A Bittersweet Goodbye

sold signI know the time was right, but that doesn’t make it any easier. It’s never easy to let go of something that has become a part of your life and your memories for thirteen years.

When the “For Sale” sign went up in June, it became a reality that this would be the last summer at our little getaway place near Flagstaff, Arizona ― only an hour and a half from Phoenix. I knew selling would become inevitable as the years went by. The grandchildren were growing older, the small rooms that once were adequate seemed to be getting smaller, college was looming in the future, and their interests had broadened beyond our small community there.

When the “sold” sign went up soon after that, I walked from room to room, my eyes covering every inch of space within each room’s four walls, as my mind recalled the memories held there.

Our Happy Place

I could smell the cookies and brownies in the kitchen as they baked in the oven, with only the aroma left behind as they quickly disappeared off the platter. I could see all the smiling faces when they sat around the kitchen bar, knowing I had their full attention as they gathered to eat anything that wasn’t nailed down. It wasn’t about the food for me, it was the priceless interaction of conversation that I loved. I looked beyond the kitchen to the living area and saw every seat filled with six grandchildren, then spilling over on the floor with their friends. They always got such a kick out of me being able to flip a bottle of water right side up on the counter, teaching me to dance to their music, and singing popular songs along with them.

I could hear the laughter and giggles in the loft filled with bunk beds and sleeping bags long after “lights out!” echoed up the stairs. The empty stairs were once filled with flip-flops and sports shoes in hopes someone would claim them.  As I walked by the bathroom, I could hear the knocks on the door with a loud voice, “Hurry up, you’re taking too long, it’s my turn!”

Walking out on the deck, I took a deep breath of the cool, fresh air and smiled as I remembered the summer the deck became “Nana’s Nail Salon” for my granddaughters and their friends. “By appointment only,” I said. They waited patiently as I painted nails and toes of each girl. I could hear my grandsons and their friends playing board games on our deck, and soccer, dodge ball, and kickball in our large neighbor-shared backyard, where the balls always seemed to end up on our deck.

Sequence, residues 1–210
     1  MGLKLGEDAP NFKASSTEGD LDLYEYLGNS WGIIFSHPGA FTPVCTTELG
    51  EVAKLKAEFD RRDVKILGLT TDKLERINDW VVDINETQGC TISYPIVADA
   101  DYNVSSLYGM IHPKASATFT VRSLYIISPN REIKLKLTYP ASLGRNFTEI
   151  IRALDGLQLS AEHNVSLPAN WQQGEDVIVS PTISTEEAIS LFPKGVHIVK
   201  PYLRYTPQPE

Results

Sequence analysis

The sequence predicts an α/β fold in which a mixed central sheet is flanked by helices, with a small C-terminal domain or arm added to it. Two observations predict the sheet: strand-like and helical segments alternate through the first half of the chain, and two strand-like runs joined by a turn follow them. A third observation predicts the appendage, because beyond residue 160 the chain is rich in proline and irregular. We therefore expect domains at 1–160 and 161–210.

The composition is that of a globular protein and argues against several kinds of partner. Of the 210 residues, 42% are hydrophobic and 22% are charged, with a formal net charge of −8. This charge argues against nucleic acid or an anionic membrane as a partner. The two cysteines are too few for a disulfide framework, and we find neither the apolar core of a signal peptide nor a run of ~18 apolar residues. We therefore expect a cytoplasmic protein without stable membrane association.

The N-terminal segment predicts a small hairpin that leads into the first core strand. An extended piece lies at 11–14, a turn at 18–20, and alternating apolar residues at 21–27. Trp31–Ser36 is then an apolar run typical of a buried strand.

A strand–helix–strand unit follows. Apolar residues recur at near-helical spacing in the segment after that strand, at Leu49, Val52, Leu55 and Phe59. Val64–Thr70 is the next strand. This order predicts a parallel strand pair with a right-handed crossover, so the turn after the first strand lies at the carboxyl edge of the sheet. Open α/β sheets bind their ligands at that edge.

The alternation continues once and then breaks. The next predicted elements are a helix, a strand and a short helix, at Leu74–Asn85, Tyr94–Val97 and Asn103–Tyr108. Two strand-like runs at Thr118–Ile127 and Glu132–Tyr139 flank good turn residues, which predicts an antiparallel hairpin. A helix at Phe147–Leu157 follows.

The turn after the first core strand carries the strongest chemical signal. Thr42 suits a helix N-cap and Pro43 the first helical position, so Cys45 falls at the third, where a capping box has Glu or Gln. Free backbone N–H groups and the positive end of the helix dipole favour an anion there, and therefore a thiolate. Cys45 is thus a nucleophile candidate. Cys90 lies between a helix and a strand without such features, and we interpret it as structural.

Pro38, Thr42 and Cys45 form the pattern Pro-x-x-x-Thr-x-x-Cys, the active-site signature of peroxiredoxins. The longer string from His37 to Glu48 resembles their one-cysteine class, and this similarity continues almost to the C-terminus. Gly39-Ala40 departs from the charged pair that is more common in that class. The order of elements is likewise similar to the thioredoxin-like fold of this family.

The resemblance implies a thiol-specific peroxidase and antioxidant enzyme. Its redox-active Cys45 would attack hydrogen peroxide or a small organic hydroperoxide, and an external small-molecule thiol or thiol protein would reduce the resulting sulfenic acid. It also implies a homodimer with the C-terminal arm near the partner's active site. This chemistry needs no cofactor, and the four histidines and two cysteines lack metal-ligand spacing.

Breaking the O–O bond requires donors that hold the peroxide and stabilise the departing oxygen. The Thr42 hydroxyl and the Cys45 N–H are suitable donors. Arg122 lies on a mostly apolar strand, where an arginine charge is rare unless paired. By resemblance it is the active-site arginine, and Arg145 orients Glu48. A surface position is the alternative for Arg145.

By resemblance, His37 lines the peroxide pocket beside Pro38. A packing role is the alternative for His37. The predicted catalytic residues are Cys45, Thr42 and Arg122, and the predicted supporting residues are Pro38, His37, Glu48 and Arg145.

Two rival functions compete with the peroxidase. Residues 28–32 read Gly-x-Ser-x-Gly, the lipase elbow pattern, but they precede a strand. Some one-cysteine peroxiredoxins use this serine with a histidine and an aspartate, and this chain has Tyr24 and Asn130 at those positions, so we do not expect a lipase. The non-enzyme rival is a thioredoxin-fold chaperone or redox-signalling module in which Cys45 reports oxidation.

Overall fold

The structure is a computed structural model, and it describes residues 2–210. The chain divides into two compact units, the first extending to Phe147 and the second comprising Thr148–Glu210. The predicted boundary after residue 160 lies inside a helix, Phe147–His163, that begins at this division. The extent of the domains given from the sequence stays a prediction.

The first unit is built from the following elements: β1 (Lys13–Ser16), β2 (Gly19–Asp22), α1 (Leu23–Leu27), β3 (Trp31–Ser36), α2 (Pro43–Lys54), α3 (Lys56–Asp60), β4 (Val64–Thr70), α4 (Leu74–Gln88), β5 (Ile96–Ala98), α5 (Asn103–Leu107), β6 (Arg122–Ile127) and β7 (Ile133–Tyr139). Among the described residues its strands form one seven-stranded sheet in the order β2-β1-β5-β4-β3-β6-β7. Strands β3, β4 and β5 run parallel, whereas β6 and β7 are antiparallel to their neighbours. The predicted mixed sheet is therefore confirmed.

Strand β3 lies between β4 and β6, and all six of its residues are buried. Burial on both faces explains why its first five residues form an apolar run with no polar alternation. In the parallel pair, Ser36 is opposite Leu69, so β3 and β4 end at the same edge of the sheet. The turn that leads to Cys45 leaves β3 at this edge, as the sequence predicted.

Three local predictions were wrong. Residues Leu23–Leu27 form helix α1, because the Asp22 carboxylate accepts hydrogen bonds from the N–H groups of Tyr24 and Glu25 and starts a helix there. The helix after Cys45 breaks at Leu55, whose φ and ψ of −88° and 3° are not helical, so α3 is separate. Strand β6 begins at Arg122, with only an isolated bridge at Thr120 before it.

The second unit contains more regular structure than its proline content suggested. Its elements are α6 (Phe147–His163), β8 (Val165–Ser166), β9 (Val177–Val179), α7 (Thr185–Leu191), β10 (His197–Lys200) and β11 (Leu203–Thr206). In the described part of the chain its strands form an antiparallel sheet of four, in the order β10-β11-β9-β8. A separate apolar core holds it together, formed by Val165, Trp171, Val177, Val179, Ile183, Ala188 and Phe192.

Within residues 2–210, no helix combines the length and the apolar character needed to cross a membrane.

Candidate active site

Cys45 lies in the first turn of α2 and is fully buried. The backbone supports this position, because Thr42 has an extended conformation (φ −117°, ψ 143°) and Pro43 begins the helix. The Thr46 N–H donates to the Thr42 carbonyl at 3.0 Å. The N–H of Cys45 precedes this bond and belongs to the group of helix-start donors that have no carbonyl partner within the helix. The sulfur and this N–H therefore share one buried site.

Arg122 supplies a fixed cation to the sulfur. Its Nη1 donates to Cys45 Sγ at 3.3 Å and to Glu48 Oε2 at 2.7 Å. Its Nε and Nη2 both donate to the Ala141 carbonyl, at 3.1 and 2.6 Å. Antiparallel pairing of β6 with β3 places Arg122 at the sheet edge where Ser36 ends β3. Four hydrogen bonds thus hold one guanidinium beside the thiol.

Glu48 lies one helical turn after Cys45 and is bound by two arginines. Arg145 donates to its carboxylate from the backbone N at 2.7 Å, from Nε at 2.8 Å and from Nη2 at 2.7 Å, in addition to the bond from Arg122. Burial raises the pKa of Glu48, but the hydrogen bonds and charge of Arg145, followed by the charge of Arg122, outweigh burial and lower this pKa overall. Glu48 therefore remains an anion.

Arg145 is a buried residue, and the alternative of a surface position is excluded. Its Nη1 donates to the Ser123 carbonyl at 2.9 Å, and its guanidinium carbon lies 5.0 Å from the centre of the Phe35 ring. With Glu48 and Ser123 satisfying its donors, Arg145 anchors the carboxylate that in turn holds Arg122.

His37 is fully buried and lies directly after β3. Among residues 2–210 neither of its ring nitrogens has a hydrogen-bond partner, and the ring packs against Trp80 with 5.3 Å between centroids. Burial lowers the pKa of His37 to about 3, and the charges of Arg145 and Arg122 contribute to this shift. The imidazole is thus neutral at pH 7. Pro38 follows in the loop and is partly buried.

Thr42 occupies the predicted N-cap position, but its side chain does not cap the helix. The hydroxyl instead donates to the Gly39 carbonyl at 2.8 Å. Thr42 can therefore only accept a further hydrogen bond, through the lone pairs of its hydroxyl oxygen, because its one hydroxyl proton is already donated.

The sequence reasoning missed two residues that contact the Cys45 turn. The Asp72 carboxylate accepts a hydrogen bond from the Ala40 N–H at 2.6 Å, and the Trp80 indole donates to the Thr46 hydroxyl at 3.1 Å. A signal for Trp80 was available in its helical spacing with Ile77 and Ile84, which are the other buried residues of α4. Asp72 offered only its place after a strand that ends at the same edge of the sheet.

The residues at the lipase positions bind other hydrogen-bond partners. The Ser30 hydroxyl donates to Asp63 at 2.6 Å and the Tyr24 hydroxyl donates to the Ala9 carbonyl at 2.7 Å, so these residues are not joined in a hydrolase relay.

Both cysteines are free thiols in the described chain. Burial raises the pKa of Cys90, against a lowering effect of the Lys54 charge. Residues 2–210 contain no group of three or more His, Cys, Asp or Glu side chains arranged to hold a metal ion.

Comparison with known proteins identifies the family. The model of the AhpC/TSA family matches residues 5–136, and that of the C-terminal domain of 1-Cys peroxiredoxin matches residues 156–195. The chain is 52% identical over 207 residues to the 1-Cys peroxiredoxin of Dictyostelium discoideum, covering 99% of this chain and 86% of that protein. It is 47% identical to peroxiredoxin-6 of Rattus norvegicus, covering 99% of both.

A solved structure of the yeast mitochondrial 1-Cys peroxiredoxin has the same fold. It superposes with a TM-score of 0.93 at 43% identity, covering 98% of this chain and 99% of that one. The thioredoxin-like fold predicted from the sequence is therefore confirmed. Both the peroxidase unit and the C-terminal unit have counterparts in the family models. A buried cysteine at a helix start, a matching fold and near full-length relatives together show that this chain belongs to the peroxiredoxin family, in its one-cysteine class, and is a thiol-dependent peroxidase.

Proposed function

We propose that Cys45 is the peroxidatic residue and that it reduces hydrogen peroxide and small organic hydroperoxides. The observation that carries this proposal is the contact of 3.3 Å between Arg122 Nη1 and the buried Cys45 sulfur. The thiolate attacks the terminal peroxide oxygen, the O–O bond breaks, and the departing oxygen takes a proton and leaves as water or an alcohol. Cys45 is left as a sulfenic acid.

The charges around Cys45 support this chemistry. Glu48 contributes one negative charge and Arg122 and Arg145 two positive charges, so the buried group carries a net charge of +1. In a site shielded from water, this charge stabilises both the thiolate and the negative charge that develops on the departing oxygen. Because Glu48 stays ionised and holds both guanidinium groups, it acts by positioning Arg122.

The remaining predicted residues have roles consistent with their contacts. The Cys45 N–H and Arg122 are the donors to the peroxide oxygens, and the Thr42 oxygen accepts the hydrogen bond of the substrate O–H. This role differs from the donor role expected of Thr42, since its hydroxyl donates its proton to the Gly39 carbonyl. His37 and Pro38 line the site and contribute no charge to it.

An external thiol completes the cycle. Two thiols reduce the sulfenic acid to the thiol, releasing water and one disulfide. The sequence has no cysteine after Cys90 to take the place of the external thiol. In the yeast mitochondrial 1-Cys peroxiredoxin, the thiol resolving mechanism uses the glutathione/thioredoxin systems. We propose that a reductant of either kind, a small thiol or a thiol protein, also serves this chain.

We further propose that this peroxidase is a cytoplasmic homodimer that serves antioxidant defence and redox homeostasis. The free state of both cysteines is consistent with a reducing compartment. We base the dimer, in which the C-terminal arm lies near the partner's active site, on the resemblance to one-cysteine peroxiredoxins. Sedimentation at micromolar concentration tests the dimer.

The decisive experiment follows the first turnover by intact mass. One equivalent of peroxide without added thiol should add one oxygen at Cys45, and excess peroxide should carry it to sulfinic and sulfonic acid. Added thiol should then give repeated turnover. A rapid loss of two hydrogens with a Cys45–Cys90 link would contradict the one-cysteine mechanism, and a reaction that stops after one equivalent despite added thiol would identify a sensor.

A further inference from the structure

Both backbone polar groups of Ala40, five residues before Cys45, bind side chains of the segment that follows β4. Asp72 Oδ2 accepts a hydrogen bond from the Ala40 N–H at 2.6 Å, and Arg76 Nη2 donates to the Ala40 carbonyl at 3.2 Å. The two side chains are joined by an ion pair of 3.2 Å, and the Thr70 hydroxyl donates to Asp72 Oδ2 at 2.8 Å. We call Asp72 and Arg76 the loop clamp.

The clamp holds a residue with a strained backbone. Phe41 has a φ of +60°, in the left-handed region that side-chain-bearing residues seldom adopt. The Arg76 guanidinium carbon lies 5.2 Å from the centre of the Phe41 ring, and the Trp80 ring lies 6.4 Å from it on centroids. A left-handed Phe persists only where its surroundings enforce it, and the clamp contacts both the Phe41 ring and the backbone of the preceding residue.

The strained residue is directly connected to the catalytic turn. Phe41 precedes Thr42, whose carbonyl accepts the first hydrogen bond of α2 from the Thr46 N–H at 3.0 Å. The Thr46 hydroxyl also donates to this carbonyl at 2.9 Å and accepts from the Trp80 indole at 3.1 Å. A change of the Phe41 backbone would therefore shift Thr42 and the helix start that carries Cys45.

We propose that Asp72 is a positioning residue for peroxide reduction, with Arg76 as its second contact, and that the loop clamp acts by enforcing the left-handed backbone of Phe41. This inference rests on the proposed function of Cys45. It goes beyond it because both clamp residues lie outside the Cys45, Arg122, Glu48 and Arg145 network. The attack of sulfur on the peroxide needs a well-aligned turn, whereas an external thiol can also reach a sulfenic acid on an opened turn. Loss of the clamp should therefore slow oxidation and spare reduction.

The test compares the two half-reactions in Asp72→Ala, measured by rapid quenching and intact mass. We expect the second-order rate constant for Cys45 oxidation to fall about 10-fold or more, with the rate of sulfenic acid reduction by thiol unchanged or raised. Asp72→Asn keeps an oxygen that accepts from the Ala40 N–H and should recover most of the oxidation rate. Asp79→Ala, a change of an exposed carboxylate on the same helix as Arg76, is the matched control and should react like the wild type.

I sat down for a moment, and stared at the beauty of the flowers I planted each year. I gazed at the blue sky and green grass ― a different landscape from Phoenix in the summer.

I thought back over the thirteen years of memories, first with Bill, who loved coming here before he died. It was our place to rest, renew, and regroup. I called it our “Happy Place.” It was where I grieved in the solitude of long walks and where God soothed my broken heart as He began to put the pieces of my life back together again.

Then there is the legacy of memories for our grandchildren, who spent every summer there for thirteen years, and will, I’m sure, share crazy stories about “Cousin Camp” around the table when they are grown. Priceless memories were shared together with our beloved and long-time friends from Phoenix, who said many years ago, “There’s a place next door to us going up for sale, you might be interested….”  There were also other dear friends close by from Phoenix, and neighbors I looked forward to seeing each summer who became a part of our little community of friends.

this is my happy placeOur “Happy Place” was perfect for our Just Moved Ministry Staff and Board Retreats, where the most faithful, committed, and amazing women gathered for R&R, and to cast a vision, to plan, and to prepare for the year ahead. Not to mention, the great food, fun, laughter, and fellowship we shared! And, sometimes I would invite a friend for a weekend who simply needed encouragement and a little TLC.

A New Season

As I drove away this summer, I took one last glance at our “Happy Place” and my red geraniums left on the steps for the new owners. I was reminded of Ecclesiastes 3:1, There is a time for everything, a season for every activity under the heaven. This is a new season in my life now and I choose to embrace it wholeheartedly.

geraniumsYou can do the same thing if you have had to let go of a place you loved. It’s not always easy when the place you left behind is intricately woven in your life,your heart, and your memories.  Perhaps you’ve experienced a move, or a military PCS. It could be downsizing, retirement, or other circumstances that have uprooted you beyond your control.

Cherish, Don’t Cling, to the Memories

Anytime during a hard or lonely day, you and I are blessed to have a storehouse of memories that reflect the place we loved and the special times spent with family and friends. Cherish your memories, don’t cling to them. Don’t let living in the past keep you from all God has planned for you in the future. We can acknowledge that moving is not the end, but the beginning of making new memories and new friends. We can choose to embrace a new place and all the opportunities to see God’s goodness and faithfulness.